Also there are different types of people who can easily picture the fire in the solar plexus, or molten lead, which fills their hands and feet, like empty vessels. But other people are completely incapable of this kind of mental visualization, although perfectly relax muscles directly, shifting attention from one group to the next.

But there are others who have a little bit of each of these qualities. For them, I think, the system of the autogenic training can work, where the visualization and mental formula autosuggestion is complementary.

I think, for the beginner it will be useful to practice the above six exercises. So that after a couple of months he could call a relaxation, a feeling of heaviness of the body, calm the breathing and heart rate, cause a sensation of heat in the solar plexus and the cool forehead within a few minutes. All that will predispose to the practice of meditation and set you off from the outside world for a moment.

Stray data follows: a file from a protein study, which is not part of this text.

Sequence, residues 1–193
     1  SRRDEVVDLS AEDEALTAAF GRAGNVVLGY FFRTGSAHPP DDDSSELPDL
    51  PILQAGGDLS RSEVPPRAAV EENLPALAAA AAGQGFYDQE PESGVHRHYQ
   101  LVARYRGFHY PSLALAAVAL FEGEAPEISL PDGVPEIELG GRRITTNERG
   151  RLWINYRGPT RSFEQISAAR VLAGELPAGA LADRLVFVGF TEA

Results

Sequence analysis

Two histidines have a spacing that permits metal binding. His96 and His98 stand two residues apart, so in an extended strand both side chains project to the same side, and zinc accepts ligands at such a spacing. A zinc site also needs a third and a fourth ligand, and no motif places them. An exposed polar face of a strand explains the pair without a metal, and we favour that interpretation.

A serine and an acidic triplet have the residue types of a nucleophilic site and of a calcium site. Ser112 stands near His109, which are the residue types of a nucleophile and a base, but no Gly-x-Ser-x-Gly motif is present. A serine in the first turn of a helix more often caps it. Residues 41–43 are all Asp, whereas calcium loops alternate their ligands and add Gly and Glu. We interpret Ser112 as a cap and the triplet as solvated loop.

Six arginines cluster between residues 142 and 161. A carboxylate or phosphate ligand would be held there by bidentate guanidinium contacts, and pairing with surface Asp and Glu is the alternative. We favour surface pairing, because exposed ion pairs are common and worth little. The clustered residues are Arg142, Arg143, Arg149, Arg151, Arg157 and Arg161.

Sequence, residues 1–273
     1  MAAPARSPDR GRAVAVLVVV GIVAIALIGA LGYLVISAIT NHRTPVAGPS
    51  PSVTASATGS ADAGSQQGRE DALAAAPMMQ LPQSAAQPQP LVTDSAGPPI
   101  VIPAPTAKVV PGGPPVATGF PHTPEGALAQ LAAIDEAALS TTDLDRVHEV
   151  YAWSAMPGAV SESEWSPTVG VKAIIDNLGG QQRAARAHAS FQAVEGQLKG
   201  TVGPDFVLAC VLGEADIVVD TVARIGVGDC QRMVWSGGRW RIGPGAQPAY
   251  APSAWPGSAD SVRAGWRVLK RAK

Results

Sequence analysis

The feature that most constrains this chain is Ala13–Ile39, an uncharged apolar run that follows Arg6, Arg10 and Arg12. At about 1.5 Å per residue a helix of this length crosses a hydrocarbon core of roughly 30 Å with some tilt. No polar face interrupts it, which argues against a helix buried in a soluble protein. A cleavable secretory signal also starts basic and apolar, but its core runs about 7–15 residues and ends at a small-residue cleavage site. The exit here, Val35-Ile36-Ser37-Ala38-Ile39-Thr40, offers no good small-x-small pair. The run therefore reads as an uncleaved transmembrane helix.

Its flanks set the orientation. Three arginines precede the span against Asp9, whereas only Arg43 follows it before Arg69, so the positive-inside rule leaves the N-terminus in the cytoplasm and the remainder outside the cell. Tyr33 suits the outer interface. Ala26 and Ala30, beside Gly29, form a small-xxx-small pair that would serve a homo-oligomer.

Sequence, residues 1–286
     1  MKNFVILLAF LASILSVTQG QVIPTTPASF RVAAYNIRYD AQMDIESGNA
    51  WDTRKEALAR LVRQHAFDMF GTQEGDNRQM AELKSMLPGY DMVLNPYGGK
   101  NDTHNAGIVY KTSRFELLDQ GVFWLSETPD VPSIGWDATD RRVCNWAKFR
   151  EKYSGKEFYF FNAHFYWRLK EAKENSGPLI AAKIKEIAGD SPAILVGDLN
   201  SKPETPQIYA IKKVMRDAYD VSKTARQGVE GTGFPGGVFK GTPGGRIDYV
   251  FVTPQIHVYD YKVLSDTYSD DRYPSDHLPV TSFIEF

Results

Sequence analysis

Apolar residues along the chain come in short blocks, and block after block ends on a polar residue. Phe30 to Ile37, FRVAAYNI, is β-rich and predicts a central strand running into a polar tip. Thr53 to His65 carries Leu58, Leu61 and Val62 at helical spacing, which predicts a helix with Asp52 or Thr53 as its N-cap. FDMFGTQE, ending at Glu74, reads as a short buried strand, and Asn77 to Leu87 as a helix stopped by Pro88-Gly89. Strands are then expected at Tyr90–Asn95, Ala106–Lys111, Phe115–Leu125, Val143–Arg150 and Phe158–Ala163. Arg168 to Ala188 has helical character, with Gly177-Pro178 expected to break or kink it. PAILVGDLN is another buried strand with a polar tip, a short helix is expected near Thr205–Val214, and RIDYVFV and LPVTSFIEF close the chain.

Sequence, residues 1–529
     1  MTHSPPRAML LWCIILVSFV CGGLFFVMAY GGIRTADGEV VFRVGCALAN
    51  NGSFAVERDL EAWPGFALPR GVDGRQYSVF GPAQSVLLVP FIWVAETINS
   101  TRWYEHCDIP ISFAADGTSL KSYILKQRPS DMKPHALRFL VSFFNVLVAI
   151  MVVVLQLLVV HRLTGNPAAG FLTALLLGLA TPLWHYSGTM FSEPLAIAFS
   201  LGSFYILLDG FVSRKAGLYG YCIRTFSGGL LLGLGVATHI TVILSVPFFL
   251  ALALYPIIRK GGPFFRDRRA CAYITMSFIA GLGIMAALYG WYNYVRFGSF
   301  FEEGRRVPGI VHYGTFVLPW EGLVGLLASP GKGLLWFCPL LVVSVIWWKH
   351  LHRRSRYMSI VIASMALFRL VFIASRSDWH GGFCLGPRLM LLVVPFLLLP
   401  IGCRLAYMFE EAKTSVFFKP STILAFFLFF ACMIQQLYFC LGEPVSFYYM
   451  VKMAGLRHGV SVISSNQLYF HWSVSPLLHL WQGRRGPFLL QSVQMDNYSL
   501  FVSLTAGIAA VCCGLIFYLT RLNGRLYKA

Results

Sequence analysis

Often newcomers who are trying to practice meditation are encounter obstacles in the form of tremors in the body, confusion breathing, excessive salivation, sweating or itching. The legs or arms feel numb and it is the urge to change the position and get up like the whole body and mind try to prevent the exercise of meditation.

No one should be surprised by that. Everybody go through these stages. From childhood, people are turned out to the outside world. We do not tend to introspection. So, practicing meditation we do something fundamentally new. By the way, the breathing exercises of yoga help to transfer attention to our own breathing and the student shifts the focus of his attention inward. With time, he gets used to it and after a few months the student is able to pay attention to more subtle processes, be withdrawn into himself and on his mind.

As we have seen, the AT system was able to do a minimum without going into breathing exercises as it is done in a classical yoga. I think for the beginner student, who decided to learn meditation, this approach is preferable. If to use the approach from the perspective of yoga, it would take too much time, until one mastered asana, pranayama then and only then will go to the actual meditation. Modern man does not have such a long time.